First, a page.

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Originally, only large employers with more than 25,000 employees had the resources and capability of using an automated benefits enrollment program. Often, these programs were built as an add-on to their existing enterprise resource planning systems and required large investments in technology and personnel to manage.
Today, the world of benefits enrollment has changed dramatically. In 2003, 12% of employers offered an automated enrollment program, according to a survey by Mercer Consulting, New York. Employers with 500 to 999 employees had a 22% electronic enrollment rate.
There are currently several vendors offering outsourced enrollment solutions to employers with as few as 200 and as many as 300,000 employees. An outsourced enrollment solution combines efficiency and scalability unavailable 10 years ago.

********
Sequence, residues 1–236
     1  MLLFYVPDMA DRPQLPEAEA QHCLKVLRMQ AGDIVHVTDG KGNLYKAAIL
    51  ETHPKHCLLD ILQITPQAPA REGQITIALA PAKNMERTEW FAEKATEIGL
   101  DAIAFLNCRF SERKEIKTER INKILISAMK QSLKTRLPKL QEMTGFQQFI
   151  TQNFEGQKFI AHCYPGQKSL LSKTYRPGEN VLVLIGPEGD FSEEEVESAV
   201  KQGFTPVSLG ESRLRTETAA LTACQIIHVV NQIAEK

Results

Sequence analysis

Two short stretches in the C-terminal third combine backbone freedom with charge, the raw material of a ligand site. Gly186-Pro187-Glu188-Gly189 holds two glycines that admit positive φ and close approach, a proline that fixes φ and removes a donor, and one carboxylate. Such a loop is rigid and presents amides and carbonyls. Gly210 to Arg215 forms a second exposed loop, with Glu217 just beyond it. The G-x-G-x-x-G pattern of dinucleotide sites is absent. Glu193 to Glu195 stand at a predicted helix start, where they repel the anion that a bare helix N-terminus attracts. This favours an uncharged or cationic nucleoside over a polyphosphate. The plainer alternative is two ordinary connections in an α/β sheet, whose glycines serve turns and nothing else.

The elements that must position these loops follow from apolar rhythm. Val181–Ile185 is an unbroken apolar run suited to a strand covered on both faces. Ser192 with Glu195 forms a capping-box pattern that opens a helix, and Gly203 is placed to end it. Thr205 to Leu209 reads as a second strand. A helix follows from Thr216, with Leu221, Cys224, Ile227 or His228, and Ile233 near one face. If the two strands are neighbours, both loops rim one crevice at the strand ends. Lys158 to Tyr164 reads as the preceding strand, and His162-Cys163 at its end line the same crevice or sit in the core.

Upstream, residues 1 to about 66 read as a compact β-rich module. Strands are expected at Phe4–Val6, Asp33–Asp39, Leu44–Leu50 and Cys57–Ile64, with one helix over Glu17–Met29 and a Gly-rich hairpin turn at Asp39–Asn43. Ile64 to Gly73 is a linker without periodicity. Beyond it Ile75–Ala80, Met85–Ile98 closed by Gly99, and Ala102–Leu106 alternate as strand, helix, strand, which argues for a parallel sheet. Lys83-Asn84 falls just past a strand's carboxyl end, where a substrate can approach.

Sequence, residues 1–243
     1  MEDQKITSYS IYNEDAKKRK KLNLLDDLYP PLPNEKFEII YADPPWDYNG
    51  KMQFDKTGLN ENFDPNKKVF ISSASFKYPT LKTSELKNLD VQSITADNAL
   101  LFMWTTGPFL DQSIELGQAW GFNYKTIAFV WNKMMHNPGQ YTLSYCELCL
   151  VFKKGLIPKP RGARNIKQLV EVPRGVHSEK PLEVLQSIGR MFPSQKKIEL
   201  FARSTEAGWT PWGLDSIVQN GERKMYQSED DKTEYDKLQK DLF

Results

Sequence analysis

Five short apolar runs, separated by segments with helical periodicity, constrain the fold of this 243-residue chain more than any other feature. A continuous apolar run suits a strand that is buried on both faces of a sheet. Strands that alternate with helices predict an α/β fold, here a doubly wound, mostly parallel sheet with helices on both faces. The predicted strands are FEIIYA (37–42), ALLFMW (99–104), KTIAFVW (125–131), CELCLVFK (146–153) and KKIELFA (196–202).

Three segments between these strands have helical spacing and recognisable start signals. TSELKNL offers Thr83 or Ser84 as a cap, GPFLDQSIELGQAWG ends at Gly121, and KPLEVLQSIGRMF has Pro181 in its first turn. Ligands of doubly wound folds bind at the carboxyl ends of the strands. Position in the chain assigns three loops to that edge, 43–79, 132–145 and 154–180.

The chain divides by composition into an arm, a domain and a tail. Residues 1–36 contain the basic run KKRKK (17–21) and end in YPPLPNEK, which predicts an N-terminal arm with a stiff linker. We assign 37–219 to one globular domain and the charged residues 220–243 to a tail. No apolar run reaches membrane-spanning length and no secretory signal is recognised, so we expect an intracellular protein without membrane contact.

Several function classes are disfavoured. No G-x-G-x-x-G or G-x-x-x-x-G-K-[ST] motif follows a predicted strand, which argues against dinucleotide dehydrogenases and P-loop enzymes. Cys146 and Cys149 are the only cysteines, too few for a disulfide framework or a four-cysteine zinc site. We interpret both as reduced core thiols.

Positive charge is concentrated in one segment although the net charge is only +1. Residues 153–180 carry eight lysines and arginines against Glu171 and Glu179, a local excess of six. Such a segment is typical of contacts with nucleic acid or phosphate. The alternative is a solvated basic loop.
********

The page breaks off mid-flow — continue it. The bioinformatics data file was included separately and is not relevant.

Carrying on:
Choosing a benefits enrollment vendor is a big decision and should not be taken lightly. There are several successful vendors that have the ability to sell you based upon their marketing collaterals alone. Beware of the impulse buy, and follow this basic procedure when comparing vendors:
The most important question you should ask is: Who owns the data? It is crucial to have either the broker or client own the data. Providers who offer enrollment solutions also try to own your data, keeping you from moving the business from them easily. Data ownership provides your clients with the ability to change vendors and bring their existing data with them in the event they are not satisfied or need to change.
In addition, the data should have a live backup at a remote site in the event of Internet connectivity, hardware failures, or other disasters and should carry 128-bit data encryption.
It also is imperative that the software be able to capture enrollment data for multiple carriers and transfer them easily. It must be flexible enough to change, especially when dealing with clients who may make minor changes on short notice.
While price is definitely important, it should not be the decision-maker. Ownership and neutrality are crucial for brokers to provide service in the best interest of their clients. Price structures typically are based on an annual license fee with a per member, per month fee. Also, frequently written into contracts is a minimum number of employees enrolled, which is used to discourage the smaller brokers.